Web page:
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Crop Advice & Expertise

South: 7 agronomic tips for growers this November

Rozzi Martin offers growers some advice on OSR disease control and establishment and grassweed control in winter wheat this month

This month’s key messages

  •  Combat high disease pressure in OSR with a broad-spectrum fungicide Proline

  • Where possible aim for good seed-bed conditions when drilling wheat

  • Use good quality glyphosate formulations at robust rates on stale seed-beds

  • Factor in crop safety when applying large residual herbicide stacks to wheat

  • Monitor BYDV risk in cereals, particularly if temperatures remain mild

  • Consider impact of two key product revokations for next season

Crop progress

Autumn 2019 is shaping up to be one that farmers will be telling their grandchildren about. The only consolation is that we are all in the same boat (no pun intended).

On average, about 30% of oilseed rape crops have been lost to cabbage stem flea beetle (CSFB) damage so far. There have even been reports of adult activity in the last week of October. Remaining crops fit into two camps: Early drilled crops are up and away, but larvae is now present and later drilled crops are very small due to lack of sunlight in September and October.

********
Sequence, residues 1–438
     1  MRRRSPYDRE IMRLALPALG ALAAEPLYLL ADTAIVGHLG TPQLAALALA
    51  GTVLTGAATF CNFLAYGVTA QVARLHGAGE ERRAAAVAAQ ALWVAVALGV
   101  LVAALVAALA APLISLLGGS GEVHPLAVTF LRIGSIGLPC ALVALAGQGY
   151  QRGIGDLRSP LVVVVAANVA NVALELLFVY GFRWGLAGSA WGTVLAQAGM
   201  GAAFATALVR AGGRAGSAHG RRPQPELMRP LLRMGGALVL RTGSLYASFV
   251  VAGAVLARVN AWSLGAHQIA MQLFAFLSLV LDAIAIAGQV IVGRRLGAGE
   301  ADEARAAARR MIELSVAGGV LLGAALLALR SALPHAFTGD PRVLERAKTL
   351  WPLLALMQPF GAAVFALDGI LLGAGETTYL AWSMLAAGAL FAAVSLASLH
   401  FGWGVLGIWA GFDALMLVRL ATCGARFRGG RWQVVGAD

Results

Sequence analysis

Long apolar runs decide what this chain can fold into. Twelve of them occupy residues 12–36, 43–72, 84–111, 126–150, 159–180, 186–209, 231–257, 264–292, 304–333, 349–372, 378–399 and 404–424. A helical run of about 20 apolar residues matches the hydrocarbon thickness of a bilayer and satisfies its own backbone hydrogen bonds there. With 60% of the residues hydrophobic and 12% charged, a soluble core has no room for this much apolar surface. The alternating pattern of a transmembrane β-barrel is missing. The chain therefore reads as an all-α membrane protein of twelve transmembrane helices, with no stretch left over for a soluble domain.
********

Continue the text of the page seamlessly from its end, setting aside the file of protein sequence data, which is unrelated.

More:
Growers are snatching every opportunity to get wheat in the ground, with some drills operating 24 hours a day in dry spells. By the last week of October, about 30% of planned wheat area was in the ground, although this varied across the region depending on soil type and drilling equipment.

 

Rozzi’s agronomy tips for November:

1. Tackle OSR diseases phoma and light leaf spot

After heavy rain through September and October, phoma pressure has increased in oilseed rape and some agronomists report the worst symptoms they have ever seen, with up to 20 lesions per leaf. Thresholds are dicated by leaf size, with larger plants less susceptible to infection moving into stems and causing stem canker. If 20% of plants are infected in larger crops a spray is necessary, while smaller crops that is closer to 10%. Severity also varies depending on a variety’s resistance rating and this should be taken into account before treatment.